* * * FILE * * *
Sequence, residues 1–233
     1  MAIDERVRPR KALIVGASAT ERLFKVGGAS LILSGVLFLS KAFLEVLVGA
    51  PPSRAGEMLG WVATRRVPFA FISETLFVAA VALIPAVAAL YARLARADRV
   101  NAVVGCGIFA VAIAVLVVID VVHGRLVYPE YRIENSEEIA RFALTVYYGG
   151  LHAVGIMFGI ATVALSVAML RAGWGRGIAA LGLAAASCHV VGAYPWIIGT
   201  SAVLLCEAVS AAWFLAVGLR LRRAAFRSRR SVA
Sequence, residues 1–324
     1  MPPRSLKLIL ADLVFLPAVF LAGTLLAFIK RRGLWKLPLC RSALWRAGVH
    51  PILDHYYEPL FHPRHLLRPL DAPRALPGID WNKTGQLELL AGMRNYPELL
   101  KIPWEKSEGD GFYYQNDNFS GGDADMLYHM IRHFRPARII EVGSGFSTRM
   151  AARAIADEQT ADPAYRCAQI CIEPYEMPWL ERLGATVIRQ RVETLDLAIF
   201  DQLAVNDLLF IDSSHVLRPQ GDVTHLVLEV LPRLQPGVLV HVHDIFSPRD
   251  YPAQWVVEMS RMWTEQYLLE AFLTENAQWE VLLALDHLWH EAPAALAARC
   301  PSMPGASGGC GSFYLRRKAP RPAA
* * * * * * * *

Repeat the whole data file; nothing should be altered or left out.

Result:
Sequence, residues 1–233
     1  MAIDERVRPR KALIVGASAT ERLFKVGGAS LILSGVLFLS KAFLEVLVGA
    51  PPSRAGEMLG WVATRRVPFA FISETLFVAA VALIPAVAAL YARLARADRV
   101  NAVVGCGIFA VAIAVLVVID VVHGRLVYPE YRIENSEEIA RFALTVYYGG
   151  LHAVGIMFGI ATVALSVAML RAGWGRGIAA LGLAAASCHV VGAYPWIIGT
   201  SAVLLCEAVS AAWFLAVGLR LRRAAFRSRR SVA
Sequence, residues 1–324
     1  MPPRSLKLIL ADLVFLPAVF LAGTLLAFIK RRGLWKLPLC RSALWRAGVH
    51  PILDHYYEPL FHPRHLLRPL DAPRALPGID WNKTGQLELL AGMRNYPELL
   101  KIPWEKSEGD GFYYQNDNFS GGDADMLYHM IRHFRPARII EVGSGFSTRM
   151  AARAIADEQT ADPAYRCAQI CIEPYEMPWL ERLGATVIRQ RVETLDLAIF
   201  DQLAVNDLLF IDSSHVLRPQ GDVTHLVLEV LPRLQPGVLV HVHDIFSPRD
   251  YPAQWVVEMS RMWTEQYLLE AFLTENAQWE VLLALDHLWH EAPAALAARC
   301  PSMPGASGGC GSFYLRRKAP RPAA